Back to the future at Adelaide Oval
The first AFL match for premiership points at Adelaide Oval was a huge success. A bumper crowd of 29,314 turned up for the Port Adelaide versus Melbourne clash, more than double the Power’s previous home game against the Western Bulldogs.
Port got up by eight points, a rare highlight in a dismal year, avoiding the club’s first wooden-spoon since 1900.
Channel Seven commentator Bruce McAvaney, an old Adelaide boy, compared the electric atmosphere to the glory days of the SANFL, when 50,000-plus would cram into Adelaide Oval on grand final day. The record crowd for the venue is 62,543 for the 1965 grand final between Port and Sturt. Port won a nail-biter that day, too.
Nine years later, the SANFL moved to the state-of-the-art Football Park, 15 minutes out of the city in fast-growing West Lakes. To cut a long, angry, bitter, story short, the winter tenants finally got jack of being been treated like second-class citizens by its summer landlords.
The last SANFL grand final at the Adelaide Oval in 1973 between perennial strugglers Glenelg and North Adelaide, reigning back-to-back premiers and Champions of Australia, is one of the best games of footy ever played.
It was an epic, see-sawing, high-scoring affair. North led by five points deep into time-on of the last quarter. A hat-trick of premierships was in the bag.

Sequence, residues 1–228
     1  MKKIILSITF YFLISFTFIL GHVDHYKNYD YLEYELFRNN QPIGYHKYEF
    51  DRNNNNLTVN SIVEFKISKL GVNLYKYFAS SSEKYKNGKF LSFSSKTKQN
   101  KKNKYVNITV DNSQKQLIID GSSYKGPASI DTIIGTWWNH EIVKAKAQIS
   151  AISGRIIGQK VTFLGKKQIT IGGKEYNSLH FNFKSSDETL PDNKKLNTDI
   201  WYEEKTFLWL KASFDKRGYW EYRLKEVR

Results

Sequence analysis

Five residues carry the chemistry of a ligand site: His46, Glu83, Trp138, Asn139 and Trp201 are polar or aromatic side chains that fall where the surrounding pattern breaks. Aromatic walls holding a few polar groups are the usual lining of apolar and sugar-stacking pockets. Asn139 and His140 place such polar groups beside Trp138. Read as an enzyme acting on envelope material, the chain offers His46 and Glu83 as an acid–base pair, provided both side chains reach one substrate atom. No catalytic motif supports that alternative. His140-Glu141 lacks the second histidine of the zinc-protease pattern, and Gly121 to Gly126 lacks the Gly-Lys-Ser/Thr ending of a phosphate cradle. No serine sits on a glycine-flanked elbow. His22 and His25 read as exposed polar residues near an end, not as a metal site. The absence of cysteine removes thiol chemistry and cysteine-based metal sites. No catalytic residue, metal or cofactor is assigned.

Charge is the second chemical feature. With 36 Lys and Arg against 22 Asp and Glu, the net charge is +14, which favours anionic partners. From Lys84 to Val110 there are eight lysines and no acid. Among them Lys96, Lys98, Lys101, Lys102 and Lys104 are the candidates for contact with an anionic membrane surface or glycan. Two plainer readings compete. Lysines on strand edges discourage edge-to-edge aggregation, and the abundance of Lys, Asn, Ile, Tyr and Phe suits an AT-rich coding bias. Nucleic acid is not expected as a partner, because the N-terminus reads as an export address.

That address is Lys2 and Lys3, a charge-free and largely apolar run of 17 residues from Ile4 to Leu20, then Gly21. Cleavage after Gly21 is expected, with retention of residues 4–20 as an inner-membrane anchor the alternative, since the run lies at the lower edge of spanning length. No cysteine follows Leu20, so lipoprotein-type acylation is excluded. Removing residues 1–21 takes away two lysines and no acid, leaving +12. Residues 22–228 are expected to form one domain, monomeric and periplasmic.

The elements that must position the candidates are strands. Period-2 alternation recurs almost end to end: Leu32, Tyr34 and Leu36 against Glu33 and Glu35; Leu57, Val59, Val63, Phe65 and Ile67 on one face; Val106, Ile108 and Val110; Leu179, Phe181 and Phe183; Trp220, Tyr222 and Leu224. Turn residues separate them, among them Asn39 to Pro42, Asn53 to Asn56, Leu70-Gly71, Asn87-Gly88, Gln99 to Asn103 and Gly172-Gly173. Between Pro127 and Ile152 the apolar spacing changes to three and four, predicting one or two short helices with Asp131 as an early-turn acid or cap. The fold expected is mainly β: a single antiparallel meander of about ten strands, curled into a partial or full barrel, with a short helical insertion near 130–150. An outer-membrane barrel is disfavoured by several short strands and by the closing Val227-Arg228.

Enter star Glenelg ruck-rover Graham Cornes.
“Studley” had been pretty quiet for most of the day but as the clock ticked past 32 minutes he took an absolute screamer. Exhausted, Cornes calmly went back and kicked truly from thirty metres out, giving the Tigers a one-point lead.
Glenelg held on in the final frantic, desperate minutes to win their first premiership since 1934.
Call The Mad Chatter sentimental, a sports romantic, a big girl’s blouse if you must, but it would’ve been a nice touch to see Studley’s son Kane, who’s been putting up big numbers for Glenelg in the SANFL in recent weeks, out on the hallowed ground in a Port guernsey rather than up in the stands in a hoodie.
Nearly 30 years later, the warring parties of cricket and Aussie rules have called a truce and are once again co-tenants at Adelaide Oval. AFL boss Andrew Demetriou has stated that ending the civil war between the SACA and the SANFL will be his greatest legacy as CEO.
South Australian footy, cricket and sports fans in general will be big winners for years to come.
What are your thoughts on the move back to the Adelaide Oval?